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Oral Dextrose supplementation


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Dear all,

 

I would like to know the effect of Oral Dextrose supplementation in the management of initial Asymptomatic Hypoglycemia in term babies. How much it is right to give orally? I feel that it can cause rebound Hypoglycemia...So, is that right to give oral dextrose? NB: Neonatal manual by Cloherty and some of the other articles I read, mentions oral dextrose.

 

Thanks,

Mallikarjuna

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Lactose from milk is cleared first pass by the liver after absorption from the intestines and converted to fats. Therefore it does not stimulate insulin secretion  hence it does not cause rebound hypoglycaemia unlike sugar or dextrose solutions. Therefore milk should be the preferred enteral feed esp in IDMs

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Glucose gel appears to be interesting option Dr Stephen, but it is more of preventive rather a treatment strategy. Are we going to use this in all at risk late preterm and term babies?

 

Good point!

But I learnt about one interesting option recently from a French unit where they set a nasogastric tube and use a contineous "feed infusion" to treat hypoglycemia!

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  • 2 years later...

@Urban Rosenqvist sounds great! We still have project plans... :) 

Did you find a protocol somewhere that you translated or did you make your own protocol? Would be great to see the protocol if you want to share it.

We also use fortified milk/formula with Duocal - and sometimes have success with that. But I think your strategy is probably the best.

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@Stefan Johansson Not yet a protocol on it...

Did I understand you correctly - you mean milk/formula given by nasogastric tube driven by a "food pump" 24h a day? Because that´s what we are doing :-)

Usually when the baby is admitted we try starting with normal bolus feeding but if the baby´s having difficulties in tolerating the given amount we switch to food infusion

Sometimes they don´t tolerate 150ml/kg, sometimes they tolerate 220ml/kg or more. We set it to continous infusion (over 24h) and increase it until glucose levels are under control.   

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Guest JoannieO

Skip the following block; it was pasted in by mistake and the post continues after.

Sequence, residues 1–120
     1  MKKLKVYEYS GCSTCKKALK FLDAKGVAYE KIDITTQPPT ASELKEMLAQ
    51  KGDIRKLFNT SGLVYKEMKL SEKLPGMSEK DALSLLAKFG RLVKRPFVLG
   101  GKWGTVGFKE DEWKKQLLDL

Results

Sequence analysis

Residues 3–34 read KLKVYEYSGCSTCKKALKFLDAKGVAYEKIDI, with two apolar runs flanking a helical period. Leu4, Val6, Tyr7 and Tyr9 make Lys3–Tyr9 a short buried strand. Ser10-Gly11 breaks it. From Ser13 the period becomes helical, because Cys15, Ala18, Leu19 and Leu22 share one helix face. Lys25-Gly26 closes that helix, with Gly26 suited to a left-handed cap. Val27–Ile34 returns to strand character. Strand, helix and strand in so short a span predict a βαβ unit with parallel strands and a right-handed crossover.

There seems to be a little confusion around the use of Dextrose gel - it is used as a treatment for hypoglycemia.I believe there are other studies underway looking at other ways to use it, but this is how our unit has used it for many years now. We give 0.5ml (cc) per kg of bodyweight applied directly to the buccal membranes with a gloved finger.  The baby will then be fed and the BGL checked in 30 minutes. We have not noticed any rebound hypoglycemia. I am not sure what is meant by Asymptomatic hypoglycemia - in our experience checking  the blood glucose is the only way to ascertain whether a baby is hypoglycemic or not.

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@JoannieO i think this thread has become a bit confusing, sorry for that.

So you use sugar gel as treatment of diagnosed hypoglycemia? I thought the sugarbaby-trial was a prevention trial incl risk groups at the maternity ward (i.e. Risk groups for hypoglycemia), but I may be wrong by memory. For infants sdmitted to the nicu, Will gel also be usually succesful so you can spare a baby an iv infusion of glucose?

The feeding pump discussion is a separete topic from gel admin, but I think an attractive mode of admin compared to iv infusion of glucose

(and very much OT - our main concern is our glucose measurement apparatus...)

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Guest JoannieO

The Sugar babies trial did indeed look at babies at risk of hypoglycemia, however, in our unit we have used dextrose gel as a first line treatment for hypoglycemia for many years. The Sugar babies trial and associated research provided us with the evidence that we needed to underpin this practice.

We use the BD lancet for heelsticks and process the sample immediately - we are lucky enough to have a blood gas analyzer on our unit.  Using dextrose gel as a first treatment, along with feeding, has meant that most babies can be managed without IV fluids.  We prefer to feed breast milk whenever possible, and don't use formula without parental consent.  Sometimes there will be a baby who is on IV fluids until there is enough breast milk if the parents don't want the baby to have formula, but we don't often have babies on IV fluids because of hypoglycemia.

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@spartacus007 we currently use "Freestyle light" (https://freestylediabetes.co.uk/our-products/other-meters/freestyle-lite) and it performs poorly... as it often under-estimates the true value (shows a hypoglycemic value when there is normoglycemia.

We are currently validating Accucheck and Freestyle Pro against our blood gas machine (ABL90) that has accreditation as reference for glucose measurement.  We plan to publish of course, but my impression (without statistical testing) is that both seem to perform reasonably well. 

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